Epithelial Erosions and Refractive Results After Single-Step Transepithelial Photorefractive Keratectomy and Alcohol-Assisted Photorefractive Keratectomy in Myopic Eyes: A Comparative Evaluation Over 12 Months

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To evaluate the epithelial erosion incidence and refractive results in myopic eyes undergoing single-step transepithelial photorefractive keratectomy (TransPRK) compared with alcohol-assisted photorefractive keratectomy (PRK).


This was a retrospective nonrandomized comparative study conducted at the American University of Beirut Medical Center. A total of 189 eyes that had undergone single-step transepithelial PRK (TransPRK) were compared with 189 matched eyes that had undergone alcohol-assisted PRK over a follow-up of 1 year. The incidence and symptoms of epithelial erosion were evaluated in both treatment groups using a post hoc questionnaire administered to patients selected in the study. Visual and refractive outcomes, including vector analysis of astigmatism, and corneal higher-order aberrations were also compared at 1-year postoperatively.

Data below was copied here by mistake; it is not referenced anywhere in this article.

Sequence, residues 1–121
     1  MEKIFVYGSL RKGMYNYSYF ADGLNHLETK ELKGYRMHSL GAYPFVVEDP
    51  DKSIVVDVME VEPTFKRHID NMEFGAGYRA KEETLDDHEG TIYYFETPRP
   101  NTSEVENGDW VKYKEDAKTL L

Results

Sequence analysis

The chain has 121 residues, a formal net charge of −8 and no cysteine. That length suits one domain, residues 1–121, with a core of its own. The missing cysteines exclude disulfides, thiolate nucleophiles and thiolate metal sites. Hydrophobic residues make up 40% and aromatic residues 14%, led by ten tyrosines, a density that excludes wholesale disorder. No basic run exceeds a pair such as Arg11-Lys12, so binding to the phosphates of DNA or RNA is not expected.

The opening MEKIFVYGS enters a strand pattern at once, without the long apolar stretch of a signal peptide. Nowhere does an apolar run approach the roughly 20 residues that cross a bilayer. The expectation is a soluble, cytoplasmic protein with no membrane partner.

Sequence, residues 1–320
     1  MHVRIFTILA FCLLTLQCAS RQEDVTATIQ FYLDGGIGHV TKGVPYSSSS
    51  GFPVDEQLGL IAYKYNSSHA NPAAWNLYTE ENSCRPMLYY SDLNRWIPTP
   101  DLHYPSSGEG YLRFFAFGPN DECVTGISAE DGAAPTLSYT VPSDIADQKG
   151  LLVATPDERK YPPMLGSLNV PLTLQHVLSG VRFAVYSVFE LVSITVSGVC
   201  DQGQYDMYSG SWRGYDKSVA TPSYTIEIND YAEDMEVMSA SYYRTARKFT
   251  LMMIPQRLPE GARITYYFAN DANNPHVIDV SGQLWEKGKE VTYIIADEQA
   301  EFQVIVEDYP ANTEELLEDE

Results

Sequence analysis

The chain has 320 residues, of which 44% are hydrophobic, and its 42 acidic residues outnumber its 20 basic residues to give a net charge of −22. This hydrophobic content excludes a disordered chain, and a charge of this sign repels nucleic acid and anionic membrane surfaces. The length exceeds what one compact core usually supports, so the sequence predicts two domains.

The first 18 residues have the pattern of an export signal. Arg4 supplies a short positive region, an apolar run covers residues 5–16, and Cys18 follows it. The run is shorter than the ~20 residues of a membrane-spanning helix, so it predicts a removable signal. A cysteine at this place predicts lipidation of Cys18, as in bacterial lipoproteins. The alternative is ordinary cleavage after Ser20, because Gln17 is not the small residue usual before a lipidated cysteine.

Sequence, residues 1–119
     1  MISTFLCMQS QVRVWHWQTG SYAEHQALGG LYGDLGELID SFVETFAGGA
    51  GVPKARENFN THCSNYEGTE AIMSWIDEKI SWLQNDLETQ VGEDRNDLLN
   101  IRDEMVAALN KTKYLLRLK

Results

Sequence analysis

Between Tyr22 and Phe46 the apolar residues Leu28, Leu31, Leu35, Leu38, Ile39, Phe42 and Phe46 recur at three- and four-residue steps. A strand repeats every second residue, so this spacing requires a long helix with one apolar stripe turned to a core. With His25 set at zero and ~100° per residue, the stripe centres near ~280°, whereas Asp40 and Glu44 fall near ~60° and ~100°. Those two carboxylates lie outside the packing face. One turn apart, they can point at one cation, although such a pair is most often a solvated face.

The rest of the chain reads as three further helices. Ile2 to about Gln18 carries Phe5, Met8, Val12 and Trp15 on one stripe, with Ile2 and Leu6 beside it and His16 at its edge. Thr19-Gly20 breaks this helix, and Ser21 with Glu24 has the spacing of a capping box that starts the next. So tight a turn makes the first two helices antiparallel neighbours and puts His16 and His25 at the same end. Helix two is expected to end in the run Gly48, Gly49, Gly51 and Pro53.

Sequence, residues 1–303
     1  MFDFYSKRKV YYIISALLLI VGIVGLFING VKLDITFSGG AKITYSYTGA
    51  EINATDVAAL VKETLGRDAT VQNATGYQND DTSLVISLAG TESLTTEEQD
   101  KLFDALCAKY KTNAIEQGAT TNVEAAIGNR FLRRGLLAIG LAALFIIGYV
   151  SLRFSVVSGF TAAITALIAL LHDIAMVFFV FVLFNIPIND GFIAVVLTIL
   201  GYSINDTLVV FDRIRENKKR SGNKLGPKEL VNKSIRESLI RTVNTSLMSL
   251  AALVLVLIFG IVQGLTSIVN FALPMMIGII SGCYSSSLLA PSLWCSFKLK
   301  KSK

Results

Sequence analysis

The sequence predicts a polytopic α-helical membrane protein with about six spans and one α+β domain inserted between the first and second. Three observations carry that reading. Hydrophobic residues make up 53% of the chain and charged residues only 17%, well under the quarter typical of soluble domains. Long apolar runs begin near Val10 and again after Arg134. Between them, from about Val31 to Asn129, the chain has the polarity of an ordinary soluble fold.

Baseline characteristics were similar between 2 groups (P > 0.05). A slight difference was detected at 12-month follow-up in the refractive cylinder (P = 0.02) and difference vector (P = 0.01) between eyes that had undergone TransPRK versus alcohol-assisted PRK. All other visual and refractive outcomes were similar at 12-month follow-up between both groups. Of note, 9.9% of patients with alcohol-assisted PRK (10/101) reported to the clinic because of tearing and stabbing sensation within 1 week after contact lens removal as opposed to 1% (1/100) of the TransPRK group (P = 0.0097). Subclinical recurrent epithelial erosion symptoms occurred more frequently in alcohol-assisted PRK: soreness to touch, sharp pains, and eyelid sticking occurred in 26.0% versus 6.6%, 32.5% versus 7.9%, and 26.0% versus 6.6% among the patients who were treated with alcohol-assisted PRK versus those who were treated with TransPRK, respectively (P ≤ 0.002).


Single-step TransPRK for myopic eyes yields refractive results similar to those of alcohol-assisted PRK but shows a lesser incidence of early postoperative epithelial erosions and subsequent subclinical recurrent erosions.

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